Crown – Kay Ryan
Too much rain
In the hills giant oaks
fall upon their knees.
You can touch parts
you have no right to—
places only birds
should fly to.
As August comes to an end, I begin to reflect on the end of summer – or, rather, the ending of summer. Perhaps it takes being born in the summer to be sensitive to the days beginning to grow shorter, even by minutes. Or maybe that’s just a kind of idealistic hope of my own. My world’s been pretty rich this summer, good and bad. Through it all, I am happy to report hope keeps winning out, idealistic or otherwise.
Kay Ryan’s work has always struck me as full of a similar kind of hope. A kind of stubborn and willful hope played out in phrasing and what she terms “recombinant rhyme.” The poem above models this willfulness with grace; the poem below has a tone steeped in struggle. Enjoy!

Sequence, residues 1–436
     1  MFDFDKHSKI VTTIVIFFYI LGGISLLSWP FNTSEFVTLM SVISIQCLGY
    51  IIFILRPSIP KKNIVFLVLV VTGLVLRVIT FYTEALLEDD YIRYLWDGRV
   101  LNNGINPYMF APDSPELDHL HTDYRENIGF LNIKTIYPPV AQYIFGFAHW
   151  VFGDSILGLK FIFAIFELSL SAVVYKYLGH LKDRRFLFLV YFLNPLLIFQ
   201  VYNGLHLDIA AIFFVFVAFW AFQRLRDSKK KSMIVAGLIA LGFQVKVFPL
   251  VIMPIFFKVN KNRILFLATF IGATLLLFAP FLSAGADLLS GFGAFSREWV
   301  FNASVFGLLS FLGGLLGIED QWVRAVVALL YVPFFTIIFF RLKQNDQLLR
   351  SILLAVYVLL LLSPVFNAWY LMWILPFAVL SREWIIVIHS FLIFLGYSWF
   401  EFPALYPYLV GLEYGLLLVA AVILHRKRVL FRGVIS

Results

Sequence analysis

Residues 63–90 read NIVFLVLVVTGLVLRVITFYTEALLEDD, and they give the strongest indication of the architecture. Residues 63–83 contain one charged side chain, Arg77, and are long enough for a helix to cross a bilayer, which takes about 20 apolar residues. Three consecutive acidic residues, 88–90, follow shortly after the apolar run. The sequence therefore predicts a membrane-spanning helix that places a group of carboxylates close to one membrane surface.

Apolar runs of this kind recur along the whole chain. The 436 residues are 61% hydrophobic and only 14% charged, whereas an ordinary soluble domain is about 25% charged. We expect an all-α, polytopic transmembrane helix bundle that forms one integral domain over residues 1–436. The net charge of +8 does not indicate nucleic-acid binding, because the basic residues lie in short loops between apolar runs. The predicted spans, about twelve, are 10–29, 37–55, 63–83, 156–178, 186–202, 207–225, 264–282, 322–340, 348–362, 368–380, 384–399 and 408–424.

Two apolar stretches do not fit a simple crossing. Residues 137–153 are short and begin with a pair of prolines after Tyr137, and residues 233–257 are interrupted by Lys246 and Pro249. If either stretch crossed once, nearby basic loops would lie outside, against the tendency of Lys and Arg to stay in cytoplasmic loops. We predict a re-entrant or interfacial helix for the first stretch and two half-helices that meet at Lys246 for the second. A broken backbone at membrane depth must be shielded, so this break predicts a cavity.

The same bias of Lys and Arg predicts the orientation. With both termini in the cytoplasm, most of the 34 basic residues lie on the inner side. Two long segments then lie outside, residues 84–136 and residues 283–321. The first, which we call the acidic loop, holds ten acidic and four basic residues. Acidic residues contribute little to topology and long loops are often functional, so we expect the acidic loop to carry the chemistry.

A Certain Kind of Eden – Kay Ryan
It seems like you could, but
you can’t go back and pull
the roots and runners and replant.
It’s all too deep for that.
You’ve overprized intention,
have mistaken any bent you’re given
for control. You thought you chose
the bean and chose the soil.
You even thought you abandoned
one or two gardens. But those things
keep growing where we put them—
if we put them at all.
A certain kind of Eden holds us thrall.
Even the one vine that tendrils out alone
in time turns on its own impulse,
twisting back down its upward course
a strong and then a stronger rope,
the greenest saddest strongest
kind of hope.
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